Here is how Ken Muma describes Grass Root Memories (from the Preface):
"You may well ask, "Why did you go to all this
trouble to recall and record these Memories of your Grassroots?" Let me hasten to
reply with another question, "If I did not do this, who would?"
Millions of words have been written, telling of successes in terms of
fortunes made and accumulated. This is a success story of a different kind. This is the
story of a rural Ontario farm family, ever trying and sometimes succeeding, in building,
not a fortune in bank and security investments, but in Life Investments -- building a
family and a Life with other Lives.
It might be said "We are each other's 'Life Support System'."
It has been my experience that this is the very Nature of Life.
This is the success story of an Ontario family, trying to make the best
of a poor, little, rundown, Heritage Farm. In this little book I will try to tell of the
dreams, aspirations and struggles from day to day, trying and eventually succeeding in
balancing their meager budget.
This is the story of ordinary, everyday, rural folk, living close to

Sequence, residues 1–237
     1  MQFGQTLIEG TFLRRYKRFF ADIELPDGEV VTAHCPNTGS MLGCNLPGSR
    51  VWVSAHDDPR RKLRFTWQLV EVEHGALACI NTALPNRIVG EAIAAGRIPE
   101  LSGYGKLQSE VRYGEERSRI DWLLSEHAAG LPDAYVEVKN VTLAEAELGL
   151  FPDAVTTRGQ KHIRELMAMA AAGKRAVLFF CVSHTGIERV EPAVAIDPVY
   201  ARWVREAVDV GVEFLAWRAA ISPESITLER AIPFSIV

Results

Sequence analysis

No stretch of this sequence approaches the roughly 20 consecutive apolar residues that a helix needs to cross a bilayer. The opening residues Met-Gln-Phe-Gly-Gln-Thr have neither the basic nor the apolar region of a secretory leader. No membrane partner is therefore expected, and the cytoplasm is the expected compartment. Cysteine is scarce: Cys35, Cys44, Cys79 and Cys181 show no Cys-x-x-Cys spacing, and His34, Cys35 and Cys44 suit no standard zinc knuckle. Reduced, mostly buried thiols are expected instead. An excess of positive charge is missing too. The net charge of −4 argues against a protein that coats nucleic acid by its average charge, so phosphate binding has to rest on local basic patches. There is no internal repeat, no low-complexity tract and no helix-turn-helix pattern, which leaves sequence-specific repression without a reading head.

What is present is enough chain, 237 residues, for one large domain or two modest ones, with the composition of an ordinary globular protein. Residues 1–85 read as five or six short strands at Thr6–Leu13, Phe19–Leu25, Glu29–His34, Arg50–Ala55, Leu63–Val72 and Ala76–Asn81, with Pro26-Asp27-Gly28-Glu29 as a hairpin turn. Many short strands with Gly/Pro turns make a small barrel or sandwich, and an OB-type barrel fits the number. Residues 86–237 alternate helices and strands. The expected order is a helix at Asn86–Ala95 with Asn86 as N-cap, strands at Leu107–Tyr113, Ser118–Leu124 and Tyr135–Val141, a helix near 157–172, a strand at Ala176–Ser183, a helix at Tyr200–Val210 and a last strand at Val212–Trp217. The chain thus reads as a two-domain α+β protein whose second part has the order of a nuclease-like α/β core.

and in cooperation with the Natural Elements, in neighbourhoods of Caring and Sharing.
This is the story of some of the background environment where the Willowview Muma family
began and of my entry into it. This narrative deals mostly about my life as a teenager,
early school days, as well as work and play in the natural freedom of a farm. It is my
desire that my children and their children share a few intimate details of their Dad's
beginning, his thoughts and feelings, and, in general, give them an idea of what made him
Do not fail to read the last chapter. This chapter reveals a very
important and timely message for all to read and comprehend."
And, from "A Word About The Author":
I chose the name "Timothy Haystubble" as the scribe to
narrate this story, for several reasons. In the first place, I wished it to be written in
a sort of off-hand, free-style manner that befits a country character. Timothy grass is
one of the most common of hay crops. The stubble is that part of the parent plant left
growing in the ground after haying. This will reproduce after its kind, in another season,
from the original grass roots. There -- I trust that this explains the name of the author
as well as the title of what you are about to read.